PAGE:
Our security roundup series covers the week’s trending topics in the world of InfoSec. In this quick-read compilation, we’ll let you know of the latest news and controversies that the industry has been talking about recently.
Here’s what you don’t want to miss from the week of September 28, 2015:
- A massive data breach at Experian – one of largest credit reporting bureaus in the US – has led to the exposure of the personal information of more than 15 million T-Mobile consumers. In a letter addressed to customers, the mobile carrier stated that the records accessed included names, addresses, birthdates, as well as encrypted fields with Social Security numbers and driver’s licenses or passport numbers. T-Mobile CEO John Legere responded in a statement:
“Obviously I am incredibly angry about this data breach and this data breach and we will institute a thorough review of our relationship with Experian, but right now my top concern and first focus is assisting any and all consumers affected.”
- Retail brokerage firm Scottrade Inc. also disclosed a breach this week involving contact information and possibly Social Security numbers of approximately 4.6 million customers, according to security journalist Brian Krebs. The company said it was alerted by federal law enforcement about crimes involving the theft of information from Scottrade in addition to other financial services firms. “Importantly, we have no reason to believe that Scottrade’s trading platforms or any client funds were compromised,” said the company.
- A 22-year-old Russian man responsible for distributing and installing the notorious Citadel banking Trojan has been sentenced to four and half years in prison. According to the Federal Bureau of Investigation, Dimitry Belorossov, also known as Rainerfox, pleaded guilty last year to conspiracy to commit computer fraud. In addition to time in prison, Belorossov was ordered to pay more than $322,000 in restitution, and was placed on supervised release for three years.
- A security researcher disclosed a critical flaw in WinRAR – a popular Windows unzipping tool used for decompressing .ZIP, .RAR and .7Z files. The vulnerability is said to affect the latest version of the software, causing it to execute arbitrary code as a user unzips an SFX archive. The security risk of the flaw gave it a 9.2 score on the CVSS scale.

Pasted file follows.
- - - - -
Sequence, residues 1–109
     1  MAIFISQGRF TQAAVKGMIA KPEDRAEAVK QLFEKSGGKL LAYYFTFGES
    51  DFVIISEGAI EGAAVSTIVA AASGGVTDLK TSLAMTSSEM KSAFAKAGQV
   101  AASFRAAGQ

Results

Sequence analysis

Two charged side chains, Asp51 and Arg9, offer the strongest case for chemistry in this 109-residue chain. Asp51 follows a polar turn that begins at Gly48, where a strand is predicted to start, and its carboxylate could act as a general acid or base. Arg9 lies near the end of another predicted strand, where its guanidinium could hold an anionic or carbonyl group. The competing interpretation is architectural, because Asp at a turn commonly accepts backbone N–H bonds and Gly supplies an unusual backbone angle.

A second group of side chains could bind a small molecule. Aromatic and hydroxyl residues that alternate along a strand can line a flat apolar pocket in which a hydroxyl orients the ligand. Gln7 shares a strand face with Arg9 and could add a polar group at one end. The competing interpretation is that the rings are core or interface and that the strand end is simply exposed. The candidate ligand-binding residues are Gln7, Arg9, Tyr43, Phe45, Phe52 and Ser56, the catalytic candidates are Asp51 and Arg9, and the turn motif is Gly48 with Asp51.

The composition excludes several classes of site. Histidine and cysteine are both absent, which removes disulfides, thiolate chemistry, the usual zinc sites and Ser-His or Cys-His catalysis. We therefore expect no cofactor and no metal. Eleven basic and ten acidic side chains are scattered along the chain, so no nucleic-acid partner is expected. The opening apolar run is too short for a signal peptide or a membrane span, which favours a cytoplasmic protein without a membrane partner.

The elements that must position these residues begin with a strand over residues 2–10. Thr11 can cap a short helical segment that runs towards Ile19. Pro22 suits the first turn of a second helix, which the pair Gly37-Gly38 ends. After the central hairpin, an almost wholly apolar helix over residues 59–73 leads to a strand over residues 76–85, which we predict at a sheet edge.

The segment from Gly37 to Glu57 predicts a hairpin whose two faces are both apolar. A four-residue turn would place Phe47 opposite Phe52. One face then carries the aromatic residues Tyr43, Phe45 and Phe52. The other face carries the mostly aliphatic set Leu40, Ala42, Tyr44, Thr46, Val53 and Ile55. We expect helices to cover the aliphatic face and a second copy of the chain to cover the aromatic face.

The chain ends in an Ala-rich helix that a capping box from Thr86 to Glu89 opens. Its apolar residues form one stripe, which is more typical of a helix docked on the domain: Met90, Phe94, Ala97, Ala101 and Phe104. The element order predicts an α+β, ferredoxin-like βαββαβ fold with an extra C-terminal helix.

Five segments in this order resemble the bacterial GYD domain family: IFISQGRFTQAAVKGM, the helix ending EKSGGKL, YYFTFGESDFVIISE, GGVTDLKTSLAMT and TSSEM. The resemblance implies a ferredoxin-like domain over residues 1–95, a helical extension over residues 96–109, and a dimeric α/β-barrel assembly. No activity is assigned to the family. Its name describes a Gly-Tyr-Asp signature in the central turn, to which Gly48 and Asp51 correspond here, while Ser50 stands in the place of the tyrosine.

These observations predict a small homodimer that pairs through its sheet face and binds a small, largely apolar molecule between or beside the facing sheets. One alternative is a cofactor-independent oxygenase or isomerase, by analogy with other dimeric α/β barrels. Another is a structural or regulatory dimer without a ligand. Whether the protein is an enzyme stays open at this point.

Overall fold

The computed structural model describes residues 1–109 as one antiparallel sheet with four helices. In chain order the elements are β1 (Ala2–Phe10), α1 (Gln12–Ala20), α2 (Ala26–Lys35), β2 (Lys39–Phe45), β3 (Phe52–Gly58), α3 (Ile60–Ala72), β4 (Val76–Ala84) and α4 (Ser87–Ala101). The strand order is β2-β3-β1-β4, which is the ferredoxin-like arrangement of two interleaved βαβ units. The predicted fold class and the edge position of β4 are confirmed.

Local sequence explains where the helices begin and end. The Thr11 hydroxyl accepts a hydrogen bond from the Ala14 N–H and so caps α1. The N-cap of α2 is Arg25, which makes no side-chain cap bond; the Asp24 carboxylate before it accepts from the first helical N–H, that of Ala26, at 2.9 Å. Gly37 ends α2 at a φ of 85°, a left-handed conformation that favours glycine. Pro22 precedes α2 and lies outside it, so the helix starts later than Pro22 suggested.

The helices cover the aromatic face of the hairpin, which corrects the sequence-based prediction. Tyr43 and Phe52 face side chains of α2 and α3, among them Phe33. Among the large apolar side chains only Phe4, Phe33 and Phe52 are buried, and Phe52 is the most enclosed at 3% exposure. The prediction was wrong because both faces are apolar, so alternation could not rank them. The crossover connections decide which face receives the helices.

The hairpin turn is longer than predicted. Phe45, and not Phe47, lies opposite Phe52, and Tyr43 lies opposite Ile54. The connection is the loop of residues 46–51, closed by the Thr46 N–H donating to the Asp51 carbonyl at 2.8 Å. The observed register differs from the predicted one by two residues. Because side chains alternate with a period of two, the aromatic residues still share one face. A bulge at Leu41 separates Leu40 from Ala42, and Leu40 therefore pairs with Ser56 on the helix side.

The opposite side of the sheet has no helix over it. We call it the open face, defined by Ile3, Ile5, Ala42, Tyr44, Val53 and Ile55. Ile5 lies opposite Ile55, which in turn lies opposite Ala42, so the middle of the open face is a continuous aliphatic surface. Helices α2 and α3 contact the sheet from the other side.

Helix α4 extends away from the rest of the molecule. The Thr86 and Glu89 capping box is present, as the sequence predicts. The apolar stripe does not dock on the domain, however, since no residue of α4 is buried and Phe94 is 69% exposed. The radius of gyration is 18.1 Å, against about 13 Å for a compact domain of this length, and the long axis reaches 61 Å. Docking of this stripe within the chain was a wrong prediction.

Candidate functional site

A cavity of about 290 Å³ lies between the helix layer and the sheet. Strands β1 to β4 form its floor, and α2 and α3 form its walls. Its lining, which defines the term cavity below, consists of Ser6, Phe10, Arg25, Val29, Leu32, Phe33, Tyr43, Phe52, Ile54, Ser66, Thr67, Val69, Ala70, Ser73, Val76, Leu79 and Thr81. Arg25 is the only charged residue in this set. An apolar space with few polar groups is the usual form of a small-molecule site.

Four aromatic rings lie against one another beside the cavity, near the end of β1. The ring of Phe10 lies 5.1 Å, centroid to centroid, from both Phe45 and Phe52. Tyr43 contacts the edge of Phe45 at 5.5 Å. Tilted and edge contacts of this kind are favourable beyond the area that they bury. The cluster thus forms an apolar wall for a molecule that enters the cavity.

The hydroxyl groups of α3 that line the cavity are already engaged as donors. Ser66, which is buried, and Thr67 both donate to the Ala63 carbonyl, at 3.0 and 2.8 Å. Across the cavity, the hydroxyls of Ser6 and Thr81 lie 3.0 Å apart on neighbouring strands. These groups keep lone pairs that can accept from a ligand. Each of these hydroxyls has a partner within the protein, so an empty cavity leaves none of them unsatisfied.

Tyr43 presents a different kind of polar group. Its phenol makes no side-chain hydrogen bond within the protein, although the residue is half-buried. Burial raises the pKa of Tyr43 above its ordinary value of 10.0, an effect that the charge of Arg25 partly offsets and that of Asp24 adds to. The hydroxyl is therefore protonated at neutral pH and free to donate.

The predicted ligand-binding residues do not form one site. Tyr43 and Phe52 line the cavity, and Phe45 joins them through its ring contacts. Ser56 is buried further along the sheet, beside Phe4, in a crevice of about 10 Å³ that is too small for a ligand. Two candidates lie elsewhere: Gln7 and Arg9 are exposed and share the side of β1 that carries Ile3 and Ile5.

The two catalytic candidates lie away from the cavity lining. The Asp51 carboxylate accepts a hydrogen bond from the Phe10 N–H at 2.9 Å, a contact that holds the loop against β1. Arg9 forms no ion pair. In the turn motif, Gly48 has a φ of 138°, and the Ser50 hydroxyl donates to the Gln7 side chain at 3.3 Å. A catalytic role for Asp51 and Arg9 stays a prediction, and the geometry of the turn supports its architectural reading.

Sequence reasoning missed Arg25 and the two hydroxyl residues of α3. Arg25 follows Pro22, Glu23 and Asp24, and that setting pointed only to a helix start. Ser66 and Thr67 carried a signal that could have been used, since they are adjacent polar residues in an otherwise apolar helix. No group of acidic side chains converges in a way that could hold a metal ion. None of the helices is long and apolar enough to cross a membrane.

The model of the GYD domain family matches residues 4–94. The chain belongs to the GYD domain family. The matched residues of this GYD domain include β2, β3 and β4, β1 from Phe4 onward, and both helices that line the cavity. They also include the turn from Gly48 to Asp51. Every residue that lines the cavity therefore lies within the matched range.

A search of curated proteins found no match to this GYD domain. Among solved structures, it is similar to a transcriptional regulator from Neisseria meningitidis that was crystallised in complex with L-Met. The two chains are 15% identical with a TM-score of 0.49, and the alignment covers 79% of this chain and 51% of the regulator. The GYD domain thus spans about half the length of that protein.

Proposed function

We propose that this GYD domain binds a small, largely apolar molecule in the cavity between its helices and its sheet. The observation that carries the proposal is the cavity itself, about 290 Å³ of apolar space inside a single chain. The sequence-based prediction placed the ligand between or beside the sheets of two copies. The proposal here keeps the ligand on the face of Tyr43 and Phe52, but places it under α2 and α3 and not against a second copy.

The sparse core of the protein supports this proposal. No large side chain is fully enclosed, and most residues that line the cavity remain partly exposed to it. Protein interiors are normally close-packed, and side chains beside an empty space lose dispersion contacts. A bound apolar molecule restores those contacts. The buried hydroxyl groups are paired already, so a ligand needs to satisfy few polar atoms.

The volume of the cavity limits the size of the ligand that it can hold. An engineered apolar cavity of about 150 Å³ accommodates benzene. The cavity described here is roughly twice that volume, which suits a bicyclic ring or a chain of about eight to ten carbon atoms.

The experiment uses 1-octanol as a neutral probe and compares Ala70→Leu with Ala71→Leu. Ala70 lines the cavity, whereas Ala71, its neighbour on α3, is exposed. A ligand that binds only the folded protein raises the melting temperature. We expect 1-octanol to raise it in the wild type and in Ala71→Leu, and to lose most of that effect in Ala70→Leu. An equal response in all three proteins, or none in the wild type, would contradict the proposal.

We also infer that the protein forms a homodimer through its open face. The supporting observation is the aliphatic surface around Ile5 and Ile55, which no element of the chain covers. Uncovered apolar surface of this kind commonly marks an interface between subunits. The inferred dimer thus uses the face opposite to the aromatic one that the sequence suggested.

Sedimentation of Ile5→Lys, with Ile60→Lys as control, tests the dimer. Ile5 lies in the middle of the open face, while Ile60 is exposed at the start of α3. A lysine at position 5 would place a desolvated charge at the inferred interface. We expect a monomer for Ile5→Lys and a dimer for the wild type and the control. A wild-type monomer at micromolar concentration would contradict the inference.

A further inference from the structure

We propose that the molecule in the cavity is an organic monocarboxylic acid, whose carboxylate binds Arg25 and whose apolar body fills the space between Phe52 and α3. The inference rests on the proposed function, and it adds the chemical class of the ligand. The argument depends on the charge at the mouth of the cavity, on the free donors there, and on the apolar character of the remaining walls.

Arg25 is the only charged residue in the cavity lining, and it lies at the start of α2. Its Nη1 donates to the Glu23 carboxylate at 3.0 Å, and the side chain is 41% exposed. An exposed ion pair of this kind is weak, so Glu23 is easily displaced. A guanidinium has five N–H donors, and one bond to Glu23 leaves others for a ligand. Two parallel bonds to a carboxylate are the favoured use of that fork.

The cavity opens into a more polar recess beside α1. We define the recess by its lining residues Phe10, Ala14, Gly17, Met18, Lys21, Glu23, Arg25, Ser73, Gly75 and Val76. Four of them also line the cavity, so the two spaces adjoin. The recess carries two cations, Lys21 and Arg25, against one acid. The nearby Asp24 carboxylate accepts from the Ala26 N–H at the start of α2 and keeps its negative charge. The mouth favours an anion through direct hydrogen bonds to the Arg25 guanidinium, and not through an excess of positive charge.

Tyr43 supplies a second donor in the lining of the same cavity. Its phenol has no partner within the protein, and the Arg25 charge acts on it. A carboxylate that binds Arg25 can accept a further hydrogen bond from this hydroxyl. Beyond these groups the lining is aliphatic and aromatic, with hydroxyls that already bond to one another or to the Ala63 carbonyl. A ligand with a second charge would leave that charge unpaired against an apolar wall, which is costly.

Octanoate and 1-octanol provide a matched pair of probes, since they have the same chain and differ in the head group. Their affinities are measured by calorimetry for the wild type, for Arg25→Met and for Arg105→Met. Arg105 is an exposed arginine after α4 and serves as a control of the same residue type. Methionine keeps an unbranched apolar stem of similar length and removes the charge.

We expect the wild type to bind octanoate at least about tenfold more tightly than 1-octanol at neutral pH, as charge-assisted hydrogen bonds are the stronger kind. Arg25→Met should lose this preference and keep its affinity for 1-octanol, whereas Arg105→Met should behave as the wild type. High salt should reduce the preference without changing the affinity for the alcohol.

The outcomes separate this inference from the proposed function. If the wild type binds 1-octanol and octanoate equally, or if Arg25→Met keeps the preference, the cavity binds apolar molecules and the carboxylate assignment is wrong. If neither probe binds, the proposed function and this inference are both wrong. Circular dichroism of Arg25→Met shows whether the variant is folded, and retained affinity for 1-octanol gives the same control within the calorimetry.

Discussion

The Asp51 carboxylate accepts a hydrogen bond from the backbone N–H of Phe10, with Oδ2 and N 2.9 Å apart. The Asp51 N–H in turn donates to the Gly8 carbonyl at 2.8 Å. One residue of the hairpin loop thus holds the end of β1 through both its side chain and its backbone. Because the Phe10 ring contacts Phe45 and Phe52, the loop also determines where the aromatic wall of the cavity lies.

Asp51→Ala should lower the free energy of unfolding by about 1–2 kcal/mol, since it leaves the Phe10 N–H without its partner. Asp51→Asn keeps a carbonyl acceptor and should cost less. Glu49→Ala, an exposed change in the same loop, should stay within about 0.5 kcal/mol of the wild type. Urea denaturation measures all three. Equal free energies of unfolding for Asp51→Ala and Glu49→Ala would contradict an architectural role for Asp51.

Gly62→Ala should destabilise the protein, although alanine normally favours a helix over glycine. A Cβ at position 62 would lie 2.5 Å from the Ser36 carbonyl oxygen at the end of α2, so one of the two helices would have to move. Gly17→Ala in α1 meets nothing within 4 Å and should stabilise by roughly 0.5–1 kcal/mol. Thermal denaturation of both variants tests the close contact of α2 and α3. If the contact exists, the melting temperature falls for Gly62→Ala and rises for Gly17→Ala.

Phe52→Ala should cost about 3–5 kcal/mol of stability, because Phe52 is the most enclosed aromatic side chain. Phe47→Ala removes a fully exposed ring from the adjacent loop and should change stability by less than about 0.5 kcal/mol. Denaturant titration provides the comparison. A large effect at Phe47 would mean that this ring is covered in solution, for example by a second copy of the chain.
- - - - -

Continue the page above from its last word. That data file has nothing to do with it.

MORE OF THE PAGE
- A group of security researchers discovered a Linux-based botnet that is reportedly capable of launching distributed denial-of-service (DDoS) attacks of over 150 gigabits per second, taking many of its victims completely offline. Akamai’s Security Intelligence Response Team reported the network – known as XOR DDoS Botnet – targets more than 20 websites per day, with the gaming sector being the primary target, followed by educational institutions. The researchers said the malware spreads via Secure Shell (SSH) services susceptible to brute-force attacks due to weak passwords.
- More than one billion Android phones and devices are vulnerable to a new set of Stagefright bugs, warned researchers at mobile security firm Zimperium. Dubbed Stagefright 2.0, the two vulnerabilities manifest when processing specially crafted MP3 audio or MP4 video files, allowing attackers to execute malicious code. The first vulnerability impacts devices running outdated versions (as far as 1.0), while the second vulnerability affects devices running more recent versions (up to 5.0).
- According to IBM, the UK’s financial services sector is seeing a spike in banking Trojan attacks from two families connected with the Zeus Trojan: Sphinx and Kronos. Researchers claim the Sphinx malware is actively attacking financial institutions in the wild, including several major UK banks and one Polish bank. Meanwhile, Kronos appears to have recently reemerged, showing “no technical advancements but a change in turf that [also] focuses on UK banks,” said IBM.